The athletes weren’t the only ones affected when Washington State University’s fall football season was canceled by the coronavirus pandemic. Merchants in tiny Pullman, Washington, who depend on big football crowds say they are losing a major chunk of their annual income.
Pullman, the most remote outpost in the Pac-12, has only 34,000 residents. Many businesses in town depend on visitors attracted by football games, graduation and other special events.
The pandemic has led to the cancellation of many of those events, including seven home football games that annually provide a lifeline to hotels, restaurants and other retailers.
Of Pullman’s 34,000 residents, about 20,000 are Washington State students and many of the rest are faculty and staff. Without the college, Pullman would be another small farm town amid the rolling hills of the fertile wheat country known as the Palouse.
“We expect to be down 50 to 60% in annual sales this year,” said Bob Cady, owner of the Cougar Cottage, an iconic bar and restaurant in Pullman close to Martin Stadium, where the Cougars play their home football games.
It’s the same story in small college towns across the nation. The loss of business revenue is especially acute in isolated Pullman, however, which is 300 miles (480 kilometers) east of the Seattle metropolitan area, where many of Washington State’s alumni live. It’s one of the most remote schools among the Power Five conferences.
The cancellation of Mom’s weekend and graduation ceremonies last spring, and the recent decision by the Pac-12 to postpone the football season to next year at the earliest will devastate business at what is popularly called The Coug, Cady said. In reality, Cady has long expected the football season to be canceled.
“We’ve known for months there will not be 30,000 people in the stands and 20,000 students in town,” Cady said. ”The game now is to lose as little as possible.”
Football Saturdays are especially active in Pullman. Fans in RVs begin flocking from across the state starting on Thursdays, and stay until Sunday. They patronize restaurants, bars and other retail outlets. The few hotels in town are booked months in advance and can charge premium rates for rooms.
“That’s going to be a huge hit,” Marie Dymkoski, executive director of the Pullman Chamber of Commerce, said about the loss of fall football.
The business community is used to feast-and-famine cycles in Pullman, especially in summer months, Dymkoski said.
This year, it has mostly been famine. “We’ve already lost some businesses,” Dymkoski said.
This economic hit follows one of the most profitable and memorable stretches in the history of Cougar football.
Under colorful coach Mike Leach, the Cougars went to six bowl games over the past eight seasons, an unprecedented stretch for the century-old program. Martin Stadium was often full or close to full, playing at the highest rate of capacity in the league.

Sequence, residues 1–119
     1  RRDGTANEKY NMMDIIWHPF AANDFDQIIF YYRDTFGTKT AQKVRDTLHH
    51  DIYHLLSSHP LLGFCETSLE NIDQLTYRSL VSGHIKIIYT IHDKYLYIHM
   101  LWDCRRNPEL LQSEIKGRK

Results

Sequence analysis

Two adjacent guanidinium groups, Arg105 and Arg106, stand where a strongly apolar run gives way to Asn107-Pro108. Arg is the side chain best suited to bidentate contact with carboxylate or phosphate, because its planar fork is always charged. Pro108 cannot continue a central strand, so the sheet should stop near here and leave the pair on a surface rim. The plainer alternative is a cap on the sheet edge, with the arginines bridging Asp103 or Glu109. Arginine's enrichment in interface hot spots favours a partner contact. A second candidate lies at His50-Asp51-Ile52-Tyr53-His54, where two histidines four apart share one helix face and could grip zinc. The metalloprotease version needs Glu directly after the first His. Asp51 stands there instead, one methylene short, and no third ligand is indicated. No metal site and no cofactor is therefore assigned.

Last year, the Cougars averaged 28,500 fans per game, perhaps half coming from out-of-town. A 2015 economic study found that football and men’s and women’s basketball games drew a combined 276,000 fans in 2013, supporting $1 billion in economic activity that year.
There have been some huge football weekends in Pullman in recent years. ESPN “GameDay” came to town for the first time in 2018, creating pandemonium as fans poured into the town from across the region to take part in the broadcast.
Leach left after last season for Mississippi State University. His replacement, Nick Rolovich, has yet to conduct a practice in Pullman because of the pandemic.
People in Pullman are not giving up. Like their ancestors who turned the arid landscape into a worldwide bread basket, many Pullman residents are digging in for the long haul.
Several websites have cropped out that encourage far-flung alumni of WSU to buy gift cards from local businesses.
City councilman Brandon Chapman, a WSU graduate, is involved in one of those efforts.
“Not having fall sports will certainly hurt local-area businesses, as well as residents since the city won’t receive nearly as much sales tax revenue,” Chapman said. ”But there are opportunities to help.”
One Pullman resident who refuses to predict gloom and doom is long-time Mayor Glenn Johnson, who also happens to be the public address announcer for WSU sports.
Johnson noted that even though WSU is offering only online classes in the near future, the vast percentage of students will return to Pullman rather than live at home. That’s because many have signed leases that can’t be broken, Johnson said.
“That makes a huge difference around here,” Johnson said.
And the reduction in the city’s share of sales tax revenue is not as bad as anticipated, Johnson said, down about 15%.
“We’re doing OK,” Johnson said.
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